A dreamy foie gras terrine arrives as a skinny rectangle. A vein of tart strawberry-rhubarb compote runs down the middle, and for color, the top is glazed in a brilliant scarlet, which echoes the chunks of strawberry and rhubarb forming another long rectangle on the plate. The combination of the fruit with the fat richness of the foie gras makes the dish thoroughly modern.
Bite by bite, I explore artichoke variations ordered à la carte from the vegetarian tasting menu too. Underneath a soft pillow of gray-green artichoke purée and scattered around the plate, are roasted quartered baby artichokes and slices of artichoke so fine they look as if they have been prepared for the microscope in a barigoule jus dotted with emerald parsley purée.
The first time I had Esnault's cooking, I ordered the milk-fed veal rack. And on the last night, I ordered the rack for two just to see if it was as good as I remembered. It definitely is. It's succulent and tender, with delicious gelatinous and caramelized bits, cooked on the bone and carved tableside. The bone is served up on its own little plate. And the veal comes with rounds of carrot and turnip stacked and laid on their side like gambling chips. The slightly thickened jus is perfect.
I'd also recommend the Kurobuta pork with both raw and minced cooked radish and the beautiful rosy squab with a scattering of wild mushrooms and English peas.
Butter-poached lobster is a luscious preparation presented with spring vegetables — haricots verts, crisp snap peas, English peas and tender fava beans in a lobster-intense reduction that never overplays its strength. Barramundi comes just this side of rare with a fresh presentation of pastel beets and hearts of palm. Sole meunière is superb, the fish flown in from Brittany, fresh and firm. The accompaniments are almost austere, simply a line of diced mushrooms and some sautéed mizuna greens.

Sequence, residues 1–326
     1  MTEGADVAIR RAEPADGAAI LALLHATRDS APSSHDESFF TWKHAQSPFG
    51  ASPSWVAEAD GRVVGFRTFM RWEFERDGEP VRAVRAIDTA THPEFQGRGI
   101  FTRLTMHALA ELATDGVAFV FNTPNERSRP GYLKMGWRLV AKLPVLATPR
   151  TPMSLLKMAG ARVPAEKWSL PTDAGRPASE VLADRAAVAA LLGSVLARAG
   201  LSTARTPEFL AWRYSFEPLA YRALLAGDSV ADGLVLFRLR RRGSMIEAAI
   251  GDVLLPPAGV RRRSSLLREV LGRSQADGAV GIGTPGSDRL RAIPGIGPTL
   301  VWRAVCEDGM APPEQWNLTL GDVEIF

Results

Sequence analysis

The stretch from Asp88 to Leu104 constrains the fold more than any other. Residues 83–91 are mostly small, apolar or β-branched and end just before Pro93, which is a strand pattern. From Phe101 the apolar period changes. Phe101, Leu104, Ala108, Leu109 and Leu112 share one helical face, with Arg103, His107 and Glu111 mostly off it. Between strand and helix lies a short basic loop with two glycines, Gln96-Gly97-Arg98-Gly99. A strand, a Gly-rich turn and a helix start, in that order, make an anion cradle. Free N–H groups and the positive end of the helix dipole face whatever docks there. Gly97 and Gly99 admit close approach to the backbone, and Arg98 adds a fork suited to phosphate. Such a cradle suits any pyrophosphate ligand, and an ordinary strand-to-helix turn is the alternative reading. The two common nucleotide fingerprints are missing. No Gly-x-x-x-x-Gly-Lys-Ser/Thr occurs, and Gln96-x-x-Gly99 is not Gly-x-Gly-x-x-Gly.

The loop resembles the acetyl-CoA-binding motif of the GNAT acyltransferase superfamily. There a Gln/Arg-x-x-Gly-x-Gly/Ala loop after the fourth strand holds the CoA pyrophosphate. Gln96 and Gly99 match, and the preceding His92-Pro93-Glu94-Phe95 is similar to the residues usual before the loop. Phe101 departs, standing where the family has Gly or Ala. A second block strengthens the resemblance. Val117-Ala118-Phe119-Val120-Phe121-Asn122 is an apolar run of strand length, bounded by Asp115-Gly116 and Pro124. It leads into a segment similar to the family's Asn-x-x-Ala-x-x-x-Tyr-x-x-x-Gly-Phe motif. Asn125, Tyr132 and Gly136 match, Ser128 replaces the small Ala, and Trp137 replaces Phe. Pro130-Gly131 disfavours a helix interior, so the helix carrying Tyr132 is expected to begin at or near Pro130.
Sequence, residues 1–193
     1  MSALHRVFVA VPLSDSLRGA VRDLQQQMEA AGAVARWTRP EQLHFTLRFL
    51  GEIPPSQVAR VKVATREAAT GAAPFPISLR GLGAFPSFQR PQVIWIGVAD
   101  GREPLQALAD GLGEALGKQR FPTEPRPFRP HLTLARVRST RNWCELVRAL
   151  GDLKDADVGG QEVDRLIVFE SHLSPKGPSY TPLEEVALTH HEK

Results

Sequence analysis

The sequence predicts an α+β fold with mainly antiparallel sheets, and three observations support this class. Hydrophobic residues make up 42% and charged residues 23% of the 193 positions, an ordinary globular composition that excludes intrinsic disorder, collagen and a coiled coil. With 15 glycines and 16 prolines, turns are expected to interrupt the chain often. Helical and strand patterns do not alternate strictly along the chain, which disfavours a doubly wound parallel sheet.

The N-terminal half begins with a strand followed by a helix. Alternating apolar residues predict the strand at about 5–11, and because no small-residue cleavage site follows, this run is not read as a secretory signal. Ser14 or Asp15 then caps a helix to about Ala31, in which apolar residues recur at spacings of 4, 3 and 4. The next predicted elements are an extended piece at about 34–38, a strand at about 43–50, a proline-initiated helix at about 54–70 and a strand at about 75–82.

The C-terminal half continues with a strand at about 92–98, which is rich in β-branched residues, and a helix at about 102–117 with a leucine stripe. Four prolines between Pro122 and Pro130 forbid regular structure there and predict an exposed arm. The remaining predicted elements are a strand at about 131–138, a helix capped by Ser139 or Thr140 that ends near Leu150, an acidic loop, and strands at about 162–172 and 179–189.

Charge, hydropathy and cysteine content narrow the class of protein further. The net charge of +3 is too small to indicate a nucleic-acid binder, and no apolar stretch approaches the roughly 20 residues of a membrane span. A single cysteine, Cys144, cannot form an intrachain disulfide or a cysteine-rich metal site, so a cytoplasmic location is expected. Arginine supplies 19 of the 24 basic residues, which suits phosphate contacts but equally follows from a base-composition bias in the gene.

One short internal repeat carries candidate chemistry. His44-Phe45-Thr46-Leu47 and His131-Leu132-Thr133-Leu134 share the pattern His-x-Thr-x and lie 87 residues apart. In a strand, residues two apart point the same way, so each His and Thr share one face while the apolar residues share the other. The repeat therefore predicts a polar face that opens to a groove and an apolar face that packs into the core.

Patina has always had a well-curated cheese cart. Maybe now the selection is a little smaller, but you can't fault the presentation on a tall, gleaming gueridon, each cheese perfectly ripe. I particularly enjoyed the Époisses from Burgundy and a raw milk tomme from the Alps. There's a similarly beautiful cart for caviar and another for the tea service, with loose-leaf teas in silver and glass canisters.
FOR THE RECORD: An earlier version of this story misspelled the name of the sommelier. He is Sylvestre Fernandes, not Hernandes.
Sylvestre Fernandes, who has been at Patina since 2000, is the sommelier and he couldn't be a better choice. He's knowledgeable and enthusiastic about wines, but without pretentiousness. And while the wine list still holds some fabulous old and young Bordeaux and Burgundies and California Cabernets, it also features the quirky and exotic wines prized by the new generation of sommeliers. I could be wrong, but wine prices here don't seem so scary-high anymore and if you buy a bottle from the list, the corkage fee is waived for anything you bring from your own cellar.